How to De-Clutter Your Time

I love this quote from Oprah’s organizing “guru”, author Peter Walsh. Working with clients in their business and home offices and helping them with time management issues, we often come across all kinds of clutter – not necessarily paper, office supplies, or other physical stuff. It’s time clutter – all of those extra commitments that fill up our days and the tasks we take on that make our to-do lists seem never-ending. It’s emotional clutter – the attitudes, thoughts and feelings that have accompanied our life’s journey that we can’t seem to shake.

Sometimes it’s human clutter – those people who reinforce every negative feeling we have about ourselves, who make us feel “less than” or encourage us to continue on a path that we know isn’t the best choice for us. I call them “joy suckers”, because they tend to be the folks who suck every ounce of joy from our lives whenever we have contact with them.

We all deal with one or another of these things in our lives. And sometimes letting go of the physical clutter in our spaces helps us to shed clutter of other kinds. Walsh wrote a fascinating article for the Boston Globe last April about the correlation he often saw between excess clutter and excess weight.  (Peter Walsh article)

When it comes to time clutter in particular, it’s helpful to define it in a similar way to physical or paper clutter. When I work with my clients on time management, one of the first things we do is to implement what I call my ORDER™ system. An overloaded calendar and to-do list is often a symptom of allowing commitments and tasks to pile up just like paper piles on our desks, or clutter piles in our closets, kitchens, basements and garages.

The ORDER™ system for organizing paper and physical items works as follows:

  • ORGANIZE: Sort like things with like things – put similar things together.
  • REDUCE: Get rid of anything that isn’t useful or beautiful and doesn’t fit your life the way you live it today.
  • DESIGNATE: Designate a home where the items you keep will live.
  • ENCLOSE: Decide what container those items will live in.
  • RE-VISIT: Regularly go back and evaluate your spaces and systems so that you can remain clutter-free.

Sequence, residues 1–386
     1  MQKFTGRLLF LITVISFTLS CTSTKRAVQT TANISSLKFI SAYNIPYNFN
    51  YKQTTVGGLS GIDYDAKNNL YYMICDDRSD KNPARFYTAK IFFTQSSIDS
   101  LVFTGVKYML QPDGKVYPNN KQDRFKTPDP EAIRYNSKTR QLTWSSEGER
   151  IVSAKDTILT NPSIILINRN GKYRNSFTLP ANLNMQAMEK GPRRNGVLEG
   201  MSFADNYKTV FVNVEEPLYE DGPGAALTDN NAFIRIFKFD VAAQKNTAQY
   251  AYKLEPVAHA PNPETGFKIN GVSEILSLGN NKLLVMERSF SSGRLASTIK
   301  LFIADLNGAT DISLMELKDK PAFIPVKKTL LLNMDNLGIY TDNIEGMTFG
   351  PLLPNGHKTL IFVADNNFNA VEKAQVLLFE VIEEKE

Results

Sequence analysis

When it comes to time management, viewing our commitments and tasks the way we view physical clutter is crucial to becoming more productive and lowering stress. In order to get a handle on our schedule, the ORDER™ system provides a good framework for establishing priorities and deciding what works in our life and what doesn’t.

  • ORGANIZE: For time and tasks, this first step is the most important. Stephen Covey calls it establishing what our “big rocks” are. (For a review of this popular story, click here.) Figure out what the most important commitments and tasks are in your life. Sort out the most important, next most important, then lesser priorities. Make a list of these priorities with the biggest, most significant ones at the top.
  • REDUCE: Eliminate any commitments and tasks that don’t fit your life the way you want to be living it now, today. Just because you’ve always done it doesn’t mean you need to continue to do it. If your priorities have changed, so should your schedule to reflect them. And just because you’ve always been the one to do it doesn’t mean you should be doing it in perpetuity – if someone else can handle it equally well or better (or maybe just get it done, because done is always better than perfect) – hand it over!
  • DESIGNATE: Look at your calendar and decide where those top priorities – the BIG ROCKS – should live on a regular basis. Accept the fact that anything that doesn’t have a specific time scheduled into your calendar – whether it’s an appointment or a task – will not happen.
  • ENCLOSE: Decide how long each commitment or task will take. Be realistic – in your heart of hearts, you know that certain things will often take longer than you think they will (or want them to). Allow overflow – space in between – breathing room – for things that might take a little longer. In the long run, you’ll be on time, more productive, and less stressed.
  • RE-VISIT: Check in with your calendar and tasks on a regular basis. Reduce what’s no longer relevant, re-establish your priorities, make sure that the big rocks are being taken care of. Work, family, health – all deserve time and need to be regularly re-evaluated.
 If there is any kind of clutter – stuff, paper, time, emotional or human – standing in the way of how you’d like to be living your life, consider letting it go. You will never miss it, and the rewards will be significant!

Lisa Griffith

About The Author

Lisa Griffith is a speaker and consultant who provides services, both on-site and virtually, to help busy professionals organize their offices, systems and calendars. In addition to business and home office organizing, productivity and time management coaching, she provides workshops & seminars for business and community groups.